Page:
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Guitarist Adam Holzman plays Cruz, Assad

January 29, 2007

Adam Holzman
The Washington Post 1/29/07:
  Classical guitarist Adam Holzman, who's becoming increasingly renowned for his thoughtful and finely polished interpretations, brought his considerable talents to the Westmoreland Congregational Church on Saturday, as part of the Marlow Guitar Series. And he showed himself to be an assured and uncommonly lucid player, with a precise touch, a rare gift for voice-leading and impressive attention to detail in virtually everything he played.

Those virtues notwithstanding, it still took much of the program for Holzman to really get under the skin of the music. He delivered three of Domenico Scarlatti's sonatas -- works rich in strange and edgy imagination -- with cool efficiency, then followed with his own transcription of Johann Sebastian Bach's Suite No. 3 for solo cello. It's a powerful and almost confessional work, with startling emotional turns -- even its depths have depths, as they say -- and Holzman's transcription is quite persuasive. But he played it almost as an etude; graceful rather than probing, and lacking in much to grab you by the ears.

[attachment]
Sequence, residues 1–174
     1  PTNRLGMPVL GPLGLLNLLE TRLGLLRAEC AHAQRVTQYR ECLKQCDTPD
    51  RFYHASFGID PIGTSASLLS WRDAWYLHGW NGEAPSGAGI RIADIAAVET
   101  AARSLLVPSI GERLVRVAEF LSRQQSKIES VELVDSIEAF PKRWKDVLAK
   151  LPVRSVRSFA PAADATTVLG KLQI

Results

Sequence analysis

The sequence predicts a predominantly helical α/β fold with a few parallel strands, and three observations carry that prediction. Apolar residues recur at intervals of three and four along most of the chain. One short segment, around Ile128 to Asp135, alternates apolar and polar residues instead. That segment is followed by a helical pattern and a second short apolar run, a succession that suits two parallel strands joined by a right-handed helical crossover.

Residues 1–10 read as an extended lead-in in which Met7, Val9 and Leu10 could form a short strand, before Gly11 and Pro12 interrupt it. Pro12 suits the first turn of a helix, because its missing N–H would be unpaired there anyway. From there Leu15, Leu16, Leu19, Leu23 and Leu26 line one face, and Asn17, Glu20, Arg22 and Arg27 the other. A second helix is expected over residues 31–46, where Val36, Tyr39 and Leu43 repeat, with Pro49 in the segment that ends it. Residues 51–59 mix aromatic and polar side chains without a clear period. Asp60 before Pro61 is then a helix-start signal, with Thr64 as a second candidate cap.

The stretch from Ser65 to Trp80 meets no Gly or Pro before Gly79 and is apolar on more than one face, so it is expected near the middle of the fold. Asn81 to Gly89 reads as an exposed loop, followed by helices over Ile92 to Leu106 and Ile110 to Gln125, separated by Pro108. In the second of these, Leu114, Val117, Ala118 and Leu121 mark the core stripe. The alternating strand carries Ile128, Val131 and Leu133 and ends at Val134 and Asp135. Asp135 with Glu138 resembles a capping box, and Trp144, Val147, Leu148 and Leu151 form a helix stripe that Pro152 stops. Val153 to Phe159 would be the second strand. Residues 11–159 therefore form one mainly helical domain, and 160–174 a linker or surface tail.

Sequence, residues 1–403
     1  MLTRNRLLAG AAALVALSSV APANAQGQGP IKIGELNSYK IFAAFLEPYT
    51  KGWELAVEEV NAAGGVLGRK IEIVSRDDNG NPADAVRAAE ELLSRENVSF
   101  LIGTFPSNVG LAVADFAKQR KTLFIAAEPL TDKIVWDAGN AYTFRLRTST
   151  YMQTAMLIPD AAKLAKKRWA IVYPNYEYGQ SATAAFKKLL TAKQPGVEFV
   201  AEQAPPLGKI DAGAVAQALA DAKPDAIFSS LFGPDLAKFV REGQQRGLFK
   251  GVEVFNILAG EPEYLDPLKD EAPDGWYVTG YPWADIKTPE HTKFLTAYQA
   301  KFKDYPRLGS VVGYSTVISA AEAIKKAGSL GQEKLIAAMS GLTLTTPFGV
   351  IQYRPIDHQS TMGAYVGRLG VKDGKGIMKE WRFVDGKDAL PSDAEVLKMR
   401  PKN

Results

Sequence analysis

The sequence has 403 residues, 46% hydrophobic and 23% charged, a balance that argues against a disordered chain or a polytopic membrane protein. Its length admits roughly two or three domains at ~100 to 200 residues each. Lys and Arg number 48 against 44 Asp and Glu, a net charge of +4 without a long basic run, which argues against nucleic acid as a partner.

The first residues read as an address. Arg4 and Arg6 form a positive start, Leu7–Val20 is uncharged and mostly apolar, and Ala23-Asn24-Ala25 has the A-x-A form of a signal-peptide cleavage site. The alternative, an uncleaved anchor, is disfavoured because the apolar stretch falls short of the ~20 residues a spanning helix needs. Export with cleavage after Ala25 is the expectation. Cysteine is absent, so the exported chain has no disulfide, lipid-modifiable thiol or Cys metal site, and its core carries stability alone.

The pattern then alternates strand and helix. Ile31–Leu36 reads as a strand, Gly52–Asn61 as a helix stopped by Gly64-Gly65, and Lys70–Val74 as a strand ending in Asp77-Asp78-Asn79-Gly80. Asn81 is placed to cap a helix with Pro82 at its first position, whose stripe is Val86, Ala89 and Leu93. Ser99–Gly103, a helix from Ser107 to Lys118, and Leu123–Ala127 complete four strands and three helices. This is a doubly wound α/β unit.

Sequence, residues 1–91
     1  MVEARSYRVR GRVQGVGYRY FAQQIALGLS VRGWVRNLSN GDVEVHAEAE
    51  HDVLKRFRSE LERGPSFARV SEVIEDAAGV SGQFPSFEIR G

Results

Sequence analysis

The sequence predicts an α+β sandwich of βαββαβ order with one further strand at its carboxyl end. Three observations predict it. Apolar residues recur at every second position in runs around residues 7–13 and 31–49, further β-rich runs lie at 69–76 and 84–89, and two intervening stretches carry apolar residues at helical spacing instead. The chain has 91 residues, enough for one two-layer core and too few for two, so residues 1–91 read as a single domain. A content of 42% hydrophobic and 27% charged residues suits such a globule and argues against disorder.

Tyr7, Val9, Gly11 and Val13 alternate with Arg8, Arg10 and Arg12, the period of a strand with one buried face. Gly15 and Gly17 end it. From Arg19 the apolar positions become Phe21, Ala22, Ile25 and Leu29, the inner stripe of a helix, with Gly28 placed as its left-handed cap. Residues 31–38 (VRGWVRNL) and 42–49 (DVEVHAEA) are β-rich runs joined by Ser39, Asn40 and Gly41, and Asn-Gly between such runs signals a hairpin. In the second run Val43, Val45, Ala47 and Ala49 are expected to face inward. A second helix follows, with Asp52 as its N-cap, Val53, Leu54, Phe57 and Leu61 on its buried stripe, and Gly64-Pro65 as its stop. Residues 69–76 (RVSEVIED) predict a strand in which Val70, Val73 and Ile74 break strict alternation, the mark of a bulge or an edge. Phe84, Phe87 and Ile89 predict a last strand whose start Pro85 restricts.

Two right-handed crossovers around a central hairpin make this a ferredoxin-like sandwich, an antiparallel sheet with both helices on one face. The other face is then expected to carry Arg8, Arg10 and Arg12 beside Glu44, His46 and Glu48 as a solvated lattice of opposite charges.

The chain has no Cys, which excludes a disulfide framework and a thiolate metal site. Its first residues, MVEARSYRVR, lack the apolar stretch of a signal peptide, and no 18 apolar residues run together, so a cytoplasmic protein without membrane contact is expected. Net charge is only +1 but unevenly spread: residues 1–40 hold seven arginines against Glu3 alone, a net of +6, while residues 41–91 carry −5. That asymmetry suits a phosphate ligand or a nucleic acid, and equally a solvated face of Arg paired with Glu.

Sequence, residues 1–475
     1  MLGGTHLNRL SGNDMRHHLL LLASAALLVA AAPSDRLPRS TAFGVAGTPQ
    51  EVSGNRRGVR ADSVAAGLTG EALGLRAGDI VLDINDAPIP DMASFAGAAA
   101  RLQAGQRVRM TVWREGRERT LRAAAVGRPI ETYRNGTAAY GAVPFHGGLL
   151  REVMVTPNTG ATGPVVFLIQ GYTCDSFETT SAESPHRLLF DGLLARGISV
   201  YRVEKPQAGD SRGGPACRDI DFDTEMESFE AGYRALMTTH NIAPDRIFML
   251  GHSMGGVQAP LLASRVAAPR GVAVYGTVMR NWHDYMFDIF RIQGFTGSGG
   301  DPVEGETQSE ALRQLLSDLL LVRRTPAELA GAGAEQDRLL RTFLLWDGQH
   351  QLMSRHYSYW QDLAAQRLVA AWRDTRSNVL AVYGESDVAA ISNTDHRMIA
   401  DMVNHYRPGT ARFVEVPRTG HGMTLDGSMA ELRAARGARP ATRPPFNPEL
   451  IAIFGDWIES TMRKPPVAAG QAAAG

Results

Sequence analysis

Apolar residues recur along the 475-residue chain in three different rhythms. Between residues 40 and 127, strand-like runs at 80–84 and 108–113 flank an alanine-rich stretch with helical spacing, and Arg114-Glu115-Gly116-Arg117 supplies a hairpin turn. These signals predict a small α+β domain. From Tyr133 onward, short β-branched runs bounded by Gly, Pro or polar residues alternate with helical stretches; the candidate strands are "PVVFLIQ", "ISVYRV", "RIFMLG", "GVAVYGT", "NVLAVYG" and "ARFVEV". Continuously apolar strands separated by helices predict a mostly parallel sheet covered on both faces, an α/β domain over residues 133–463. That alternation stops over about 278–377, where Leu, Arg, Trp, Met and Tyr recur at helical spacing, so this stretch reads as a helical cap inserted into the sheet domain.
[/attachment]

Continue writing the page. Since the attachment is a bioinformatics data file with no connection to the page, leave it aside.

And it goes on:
But the waters deepened considerably after intermission, with a beautifully detailed account of "Triptych" by Texas-based composer Mark Anthony Cruz. Highly impressionistic and colorful at first, it deepens into more abstract territory and culminates in a dark, richly flavored and highly evocative movement, and Holzman played it with real understanding.

Sergio Assad
"Three Greek Letters," by the Brazilian composer and guitarist Sergio Assad, was, if anything, even better. It's an extremely intelligent and very "guitaristic" work, brilliantly textured and passionately intense, that displays Assad's sophisticated and highly individual voice to great advantage. Holzman rose to the challenge, bringing it off with conviction and style.

Posted on Monday, January 29, 2007 at 12:23PM by Registered CommenterStephen Brookes | CommentsPost a Comment

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